I’ve been wanting to create a Facebook group for a long time but I never got around to it. This past week, one of my readers sent me an email in response to the FREE Time-Saving Book (17 Smart Ways to Make Time for Your Creativity) I’d sent to her.
She says, “Thank you for this … Didn’t realize it was a good strategy until I actually put it in place and you confirmed it today. Thank you! Is there a group sharing place? Or just these emails coming to me directly?”
To be honest with you, I was not happy to read her “thank you” note. I felt guilt and shame. I knew I’d failed her. I’d been planning to create a Facebook Community for this purpose for way too long. I even talk about it on my Free Resources Page.
I should have done it by now. It’s been long overdue. An online community is important for us creatives not only for all the good reasons, Eric Weiner found in his travels and writes about in his book. But it also serves as a 24-hour/365-day source of community, unlike any other.
Whether you’re sick or well, or the weather is nice or bad or you can travel to meetings or not, you always have the ability to participate in an online group and get the support you need and deserve.
An Invitation to Join A Private Community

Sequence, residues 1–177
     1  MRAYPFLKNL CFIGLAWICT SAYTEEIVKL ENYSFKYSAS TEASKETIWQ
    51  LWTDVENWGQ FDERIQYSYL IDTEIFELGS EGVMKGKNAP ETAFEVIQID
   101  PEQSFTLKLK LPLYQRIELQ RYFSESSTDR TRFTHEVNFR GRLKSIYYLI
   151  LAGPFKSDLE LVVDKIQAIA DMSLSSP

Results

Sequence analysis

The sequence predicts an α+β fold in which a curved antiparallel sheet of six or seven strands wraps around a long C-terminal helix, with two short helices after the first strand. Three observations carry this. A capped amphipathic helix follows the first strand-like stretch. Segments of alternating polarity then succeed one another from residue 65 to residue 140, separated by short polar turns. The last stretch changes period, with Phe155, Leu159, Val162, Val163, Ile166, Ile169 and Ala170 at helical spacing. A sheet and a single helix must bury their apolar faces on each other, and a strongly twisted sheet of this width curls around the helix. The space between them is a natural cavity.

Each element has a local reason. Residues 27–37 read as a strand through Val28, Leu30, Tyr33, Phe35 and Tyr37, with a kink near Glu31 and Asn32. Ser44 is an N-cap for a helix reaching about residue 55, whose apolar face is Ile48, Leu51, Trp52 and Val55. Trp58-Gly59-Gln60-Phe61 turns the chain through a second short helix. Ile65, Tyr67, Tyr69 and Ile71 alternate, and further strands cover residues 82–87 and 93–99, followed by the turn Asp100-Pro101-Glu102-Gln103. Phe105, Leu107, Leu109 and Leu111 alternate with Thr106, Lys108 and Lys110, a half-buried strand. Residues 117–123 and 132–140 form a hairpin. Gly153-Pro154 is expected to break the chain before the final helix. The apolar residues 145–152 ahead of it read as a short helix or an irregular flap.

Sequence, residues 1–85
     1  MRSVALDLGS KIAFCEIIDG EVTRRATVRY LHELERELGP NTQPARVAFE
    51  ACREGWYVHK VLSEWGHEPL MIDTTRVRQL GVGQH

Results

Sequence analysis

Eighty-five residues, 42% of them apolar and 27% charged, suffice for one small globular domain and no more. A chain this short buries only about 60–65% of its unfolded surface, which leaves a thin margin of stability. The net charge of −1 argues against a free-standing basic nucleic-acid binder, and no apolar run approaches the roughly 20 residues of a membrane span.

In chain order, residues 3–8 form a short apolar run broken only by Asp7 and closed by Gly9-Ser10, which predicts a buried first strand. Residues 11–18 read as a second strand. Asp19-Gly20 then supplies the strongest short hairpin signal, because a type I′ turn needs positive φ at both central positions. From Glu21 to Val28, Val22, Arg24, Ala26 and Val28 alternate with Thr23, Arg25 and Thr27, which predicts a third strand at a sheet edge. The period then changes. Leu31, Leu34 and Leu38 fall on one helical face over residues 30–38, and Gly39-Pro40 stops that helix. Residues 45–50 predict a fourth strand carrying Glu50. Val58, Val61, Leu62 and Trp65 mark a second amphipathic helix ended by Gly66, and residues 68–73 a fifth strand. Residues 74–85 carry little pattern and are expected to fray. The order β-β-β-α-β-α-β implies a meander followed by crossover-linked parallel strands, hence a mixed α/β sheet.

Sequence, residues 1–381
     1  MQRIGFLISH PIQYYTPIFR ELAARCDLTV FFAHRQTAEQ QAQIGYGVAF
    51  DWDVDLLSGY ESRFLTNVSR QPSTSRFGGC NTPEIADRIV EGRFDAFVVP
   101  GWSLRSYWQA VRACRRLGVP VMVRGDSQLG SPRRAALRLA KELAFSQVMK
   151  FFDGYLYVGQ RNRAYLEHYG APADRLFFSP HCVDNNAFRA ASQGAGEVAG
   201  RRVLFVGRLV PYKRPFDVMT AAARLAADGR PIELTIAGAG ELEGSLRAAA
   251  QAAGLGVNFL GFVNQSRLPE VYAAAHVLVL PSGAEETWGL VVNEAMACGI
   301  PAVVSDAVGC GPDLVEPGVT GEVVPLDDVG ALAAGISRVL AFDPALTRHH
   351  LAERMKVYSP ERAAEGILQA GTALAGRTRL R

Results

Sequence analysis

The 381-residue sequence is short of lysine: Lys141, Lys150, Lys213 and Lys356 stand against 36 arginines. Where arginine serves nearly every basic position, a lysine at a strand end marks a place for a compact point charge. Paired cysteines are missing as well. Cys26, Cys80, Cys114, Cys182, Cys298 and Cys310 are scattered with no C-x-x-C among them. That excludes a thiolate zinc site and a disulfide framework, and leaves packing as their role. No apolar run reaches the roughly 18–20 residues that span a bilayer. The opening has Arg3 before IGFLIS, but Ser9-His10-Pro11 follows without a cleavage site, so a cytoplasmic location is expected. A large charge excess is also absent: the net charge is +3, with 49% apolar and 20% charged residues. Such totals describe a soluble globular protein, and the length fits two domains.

So finally, I’ve created a Facebook Group for my blog readers and all creatives who use textiles to create art — mixed-media artist, fiber artists, art quilters, quilt artists etc. Simply put, it’s an online community for Textile Art Creators and Biz Owners.
In this group, we’re going to focus on the motions, emotions, and business of creating textile art. Topics for discussion will include boosting creativity, finding time to create, inspiration, motivation, fear, strategies for completing projects and the like. And for the business topics, we’ll discuss the 7 aspects of Textile Art businesses.
We’ll not be discussing techniques, or using the group as a gallery for WIP, UFOs or finished textile or art quilt pieces. There are many Facebook groups for that. I want to provide you with a community where you can get support for topics we face as textile artists or business owners, which we don’t get to discuss in the other Facebook groups out there.
UPDATE So, if you’re a textile art creator, fiber artist, art quilter, quilt artist etc. our new community is the place for you. I would like to invite you to join our new Facebook group — Textile Art Creative Friends. Textile Art Creative Friends is a community for textile art creators to lend support, ask questions, share advice, give feedback, and share their love for textile art & the biz of art, in a lively and friendly environment.
It’s a place where I seek to bring people together and create a community that feels positive and uplifting for its creative members to share our creative journeys.
Click here to join our brand new private Facebook Community. Look for the big, green “Join Group” button. Once I confirm your request, pop into the discussion and leave a comment and introduce yourself. I love hearing from you! :)
See you inside. Can’t wait to connect with you.
What do you think about the name of our PRIVATE community? Do you have a different idea for a name? Post your suggestions in the comments below and see you inside the community.
Originally published at CLARA NARTEY |Textile Artist.